The United States Congress is the bicameral legislature of the federal government of the United States, and consists of two chambers: the House of Representatives and the Senate. The Congress meets in the United States Capitol in Washington, D.C. Both senators and representatives are chosen through direct election, though vacancies in the Senate may be filled by a gubernatorial appointment. Congress has 535 voting members: 435 representatives and 100 senators. The House of Representatives has six non-voting members representing Puerto Rico, American Samoa, Guam, the Northern Mariana Islands, the U.S. Virgin Islands, and the District of Columbia in addition to its 435 voting members. Although they cannot vote in the full house, these members can address the house, sit and vote in congressional committees, and introduce legislation.
The state of Alaska assumed jurisdiction over its corrections on January 3, 1959, using the Alaska Department of Corrections. Prior to statehood, the BOP had correctional jurisdiction over Alaska.
As a result of the Sentencing Reform Act of 1984 and subsequent legislation which pushed for longer sentences, less judicial discretion, and more harsh sentences for drug-related offenses, the federal inmate population doubled in the 1980s and again in the 1990s. The population increase has decelerated since the early 2000s but the federal inmate population continues to grow.
The National Capital Revitalization and Self-Government Improvement Act of 1997 transferred responsibility for adult felons convicted of violating District of Columbia laws to the Bureau.
The current director of the Bureau of Prisons is Kathleen Hawk Sawyer.
As of 2015, 63% of Bureau employees are white, 22% are black, 12% are Hispanic, 2% are Asian and 1% identify as another race. 73% are male.There is roughly one corrections officer for every 10 prisoners.
All Bureau employees undergo 200 hours of formal training in their first year of employment and an additional 120 hours of training at the Federal Law Enforcement Training Centers (FLETC) in Glynco, Georgia.
The Bureau has five security levels:
Some units have small, adjacent, minimum-security "satellite camps". Twenty-eight institutions hold female inmates. As of 2010 [update] about 15% of Bureau inmates are in facilities operated by third parties, mostly private companies, whilst others are in local and state facilities. Some are in privately operated Residential Reentry Centers (RRC) (or Community Corrections Centers). The Bureau uses contract facilities to manage its own prison population because they are "especially useful" for housing low-security, specialized groups of people, such as sentenced criminal aliens.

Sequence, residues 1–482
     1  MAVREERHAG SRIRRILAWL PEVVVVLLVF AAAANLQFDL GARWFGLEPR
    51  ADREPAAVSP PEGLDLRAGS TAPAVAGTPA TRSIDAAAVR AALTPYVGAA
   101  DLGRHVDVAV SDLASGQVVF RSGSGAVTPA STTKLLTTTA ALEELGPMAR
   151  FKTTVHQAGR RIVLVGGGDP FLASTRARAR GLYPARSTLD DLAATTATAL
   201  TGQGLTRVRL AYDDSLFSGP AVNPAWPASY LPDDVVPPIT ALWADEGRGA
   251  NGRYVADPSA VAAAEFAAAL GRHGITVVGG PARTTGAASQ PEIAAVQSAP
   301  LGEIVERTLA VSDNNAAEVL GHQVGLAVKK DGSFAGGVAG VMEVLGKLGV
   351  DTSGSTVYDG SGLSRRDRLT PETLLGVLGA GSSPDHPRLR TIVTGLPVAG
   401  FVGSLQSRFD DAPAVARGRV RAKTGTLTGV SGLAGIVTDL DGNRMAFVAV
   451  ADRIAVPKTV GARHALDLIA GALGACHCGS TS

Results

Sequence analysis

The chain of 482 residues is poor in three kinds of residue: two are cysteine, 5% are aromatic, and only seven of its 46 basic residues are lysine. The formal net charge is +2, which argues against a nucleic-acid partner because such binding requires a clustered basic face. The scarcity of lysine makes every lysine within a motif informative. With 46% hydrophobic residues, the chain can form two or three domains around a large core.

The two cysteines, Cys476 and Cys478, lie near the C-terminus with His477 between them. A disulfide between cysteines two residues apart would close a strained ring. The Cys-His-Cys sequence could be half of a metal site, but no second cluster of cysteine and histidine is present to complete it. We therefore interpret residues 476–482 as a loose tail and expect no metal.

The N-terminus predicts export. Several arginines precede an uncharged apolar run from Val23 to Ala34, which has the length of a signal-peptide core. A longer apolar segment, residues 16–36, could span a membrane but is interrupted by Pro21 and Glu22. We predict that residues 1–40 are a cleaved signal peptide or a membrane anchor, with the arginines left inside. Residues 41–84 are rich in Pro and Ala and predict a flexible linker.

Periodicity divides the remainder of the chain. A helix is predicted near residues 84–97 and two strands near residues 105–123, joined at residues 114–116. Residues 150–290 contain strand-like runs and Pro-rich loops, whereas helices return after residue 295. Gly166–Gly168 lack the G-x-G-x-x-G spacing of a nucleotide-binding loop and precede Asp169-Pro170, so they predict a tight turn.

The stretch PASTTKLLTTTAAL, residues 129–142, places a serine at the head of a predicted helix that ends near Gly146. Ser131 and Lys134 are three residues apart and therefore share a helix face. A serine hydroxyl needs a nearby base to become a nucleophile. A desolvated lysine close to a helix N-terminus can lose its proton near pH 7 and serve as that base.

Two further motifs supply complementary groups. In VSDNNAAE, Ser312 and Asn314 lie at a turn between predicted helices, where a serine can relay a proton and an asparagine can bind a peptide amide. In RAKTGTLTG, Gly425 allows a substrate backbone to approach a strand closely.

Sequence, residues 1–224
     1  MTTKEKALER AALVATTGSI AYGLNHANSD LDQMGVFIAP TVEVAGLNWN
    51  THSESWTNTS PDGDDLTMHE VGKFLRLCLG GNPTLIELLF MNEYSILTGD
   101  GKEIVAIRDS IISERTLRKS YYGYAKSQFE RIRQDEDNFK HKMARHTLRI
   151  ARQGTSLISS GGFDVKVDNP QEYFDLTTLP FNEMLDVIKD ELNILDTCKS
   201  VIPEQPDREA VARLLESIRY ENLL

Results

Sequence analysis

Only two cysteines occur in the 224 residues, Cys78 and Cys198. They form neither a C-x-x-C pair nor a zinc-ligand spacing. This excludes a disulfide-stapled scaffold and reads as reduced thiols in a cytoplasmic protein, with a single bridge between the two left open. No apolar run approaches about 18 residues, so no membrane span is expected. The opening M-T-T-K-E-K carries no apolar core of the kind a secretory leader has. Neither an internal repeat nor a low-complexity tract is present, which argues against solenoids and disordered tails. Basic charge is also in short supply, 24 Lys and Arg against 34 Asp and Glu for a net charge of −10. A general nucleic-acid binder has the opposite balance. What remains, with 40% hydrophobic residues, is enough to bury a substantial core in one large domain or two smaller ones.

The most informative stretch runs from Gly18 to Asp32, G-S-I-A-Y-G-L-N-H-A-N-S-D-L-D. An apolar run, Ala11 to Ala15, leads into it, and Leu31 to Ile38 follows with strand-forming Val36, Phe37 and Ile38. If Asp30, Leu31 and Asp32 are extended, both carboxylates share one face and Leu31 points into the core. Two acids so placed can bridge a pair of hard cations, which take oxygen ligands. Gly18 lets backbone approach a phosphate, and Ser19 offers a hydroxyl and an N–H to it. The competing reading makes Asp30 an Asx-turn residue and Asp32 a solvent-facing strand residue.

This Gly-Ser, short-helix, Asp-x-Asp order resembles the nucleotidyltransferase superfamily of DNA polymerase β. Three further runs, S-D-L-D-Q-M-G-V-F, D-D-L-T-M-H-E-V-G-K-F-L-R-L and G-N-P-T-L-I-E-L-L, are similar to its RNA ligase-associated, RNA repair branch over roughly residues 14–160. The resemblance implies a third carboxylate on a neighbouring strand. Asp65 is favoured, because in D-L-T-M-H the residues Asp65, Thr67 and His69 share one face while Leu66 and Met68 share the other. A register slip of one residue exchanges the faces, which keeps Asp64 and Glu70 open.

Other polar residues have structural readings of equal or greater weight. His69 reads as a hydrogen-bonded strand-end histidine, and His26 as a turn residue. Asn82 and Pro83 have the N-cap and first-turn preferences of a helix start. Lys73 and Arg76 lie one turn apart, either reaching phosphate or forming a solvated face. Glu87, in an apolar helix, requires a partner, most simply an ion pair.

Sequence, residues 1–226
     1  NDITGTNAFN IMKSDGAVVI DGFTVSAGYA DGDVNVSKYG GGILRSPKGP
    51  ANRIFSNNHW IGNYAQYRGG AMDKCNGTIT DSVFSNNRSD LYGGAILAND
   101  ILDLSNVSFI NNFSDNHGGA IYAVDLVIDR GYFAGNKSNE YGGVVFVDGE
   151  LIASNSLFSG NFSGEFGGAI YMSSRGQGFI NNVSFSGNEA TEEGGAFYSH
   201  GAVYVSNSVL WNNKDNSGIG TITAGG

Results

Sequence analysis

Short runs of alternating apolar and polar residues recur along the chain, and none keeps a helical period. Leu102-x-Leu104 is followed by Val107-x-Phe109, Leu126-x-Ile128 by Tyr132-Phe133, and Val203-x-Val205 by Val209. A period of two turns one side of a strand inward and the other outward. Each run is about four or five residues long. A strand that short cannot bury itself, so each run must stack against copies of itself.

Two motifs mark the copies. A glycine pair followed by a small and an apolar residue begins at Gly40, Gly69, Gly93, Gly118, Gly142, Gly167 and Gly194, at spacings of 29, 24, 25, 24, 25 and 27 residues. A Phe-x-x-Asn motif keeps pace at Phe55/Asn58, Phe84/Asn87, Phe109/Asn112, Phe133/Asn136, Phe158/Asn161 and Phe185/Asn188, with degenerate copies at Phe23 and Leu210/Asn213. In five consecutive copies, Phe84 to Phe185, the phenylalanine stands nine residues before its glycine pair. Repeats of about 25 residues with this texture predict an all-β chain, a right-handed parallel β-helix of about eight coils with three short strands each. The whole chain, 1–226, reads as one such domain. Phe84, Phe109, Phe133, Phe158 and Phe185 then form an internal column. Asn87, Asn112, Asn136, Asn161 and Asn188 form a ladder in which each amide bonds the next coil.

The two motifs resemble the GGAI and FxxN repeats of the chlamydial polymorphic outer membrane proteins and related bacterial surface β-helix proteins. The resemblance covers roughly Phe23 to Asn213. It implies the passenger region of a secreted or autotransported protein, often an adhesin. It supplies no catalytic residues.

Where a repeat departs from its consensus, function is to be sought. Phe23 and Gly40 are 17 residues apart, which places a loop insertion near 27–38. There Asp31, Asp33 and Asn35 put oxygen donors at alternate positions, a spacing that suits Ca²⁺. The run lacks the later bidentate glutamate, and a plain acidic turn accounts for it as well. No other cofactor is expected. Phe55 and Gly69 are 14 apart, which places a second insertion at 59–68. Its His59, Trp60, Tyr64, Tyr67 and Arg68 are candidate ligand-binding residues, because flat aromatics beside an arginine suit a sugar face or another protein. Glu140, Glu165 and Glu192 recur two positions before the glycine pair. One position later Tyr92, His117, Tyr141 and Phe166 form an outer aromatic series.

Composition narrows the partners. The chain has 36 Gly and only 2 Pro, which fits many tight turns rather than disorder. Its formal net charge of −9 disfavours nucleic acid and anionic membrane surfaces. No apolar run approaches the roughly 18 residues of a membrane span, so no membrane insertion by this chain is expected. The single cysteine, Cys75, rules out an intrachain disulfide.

As of 2018 [update] , the Bureau was responsible for approximately 183,000 inmates, in 122 facilities. This is a substantial decrease from 2013. 25% of inmates were white, 27% were Hispanic and 38% were black; 93% were male. 75% of inmates were between the ages of 26 and 50.
As of 1999 [update] , 14,000 prisoners were in 16 federal prisons in the state of Texas.
As of 2010 [update] , almost 8,000 felons in 90 facilities, sentenced under D.C. laws, made up about 6% of the total Bureau population.
As of October 2016, 46% of inmates were incarcerated for drugs offences.
The BOP receives all prisoner transfer treaty inmates sent from foreign countries, even if their crimes would have been, if committed in the United States, tried in state, DC, or territorial courts.
As of 2015, 27 Bureau facilities house women. The Bureau has a Mothers and Infants Nurturing Together (MINT) program for women who enter the system as inmates while pregnant. The Bureau pays for abortion only if it is life-threatening for the woman, but it may allow for abortions in non-life-threatening cases if non-BOP funds are used.
In 2017, four Democratic Senators, including Kamala Harris, introduced a bill explicitly requiring tampons and pads to be free for female prisoners. In August 2017, the Bureau introduced a memorandum requiring free tampons and pads. The previous 1996 memorandum stated "products for female hygiene needs shall be available" without requiring them to be free of charge.
A 2018 review by the Evaluation and Inspections Division, Office of the Inspector General, U.S. Department of Justice, found the Bureau's programming and policy decisions did not fully consider the needs of female inmates in the areas of trauma treatment programming, pregnancy programming, and feminine hygiene.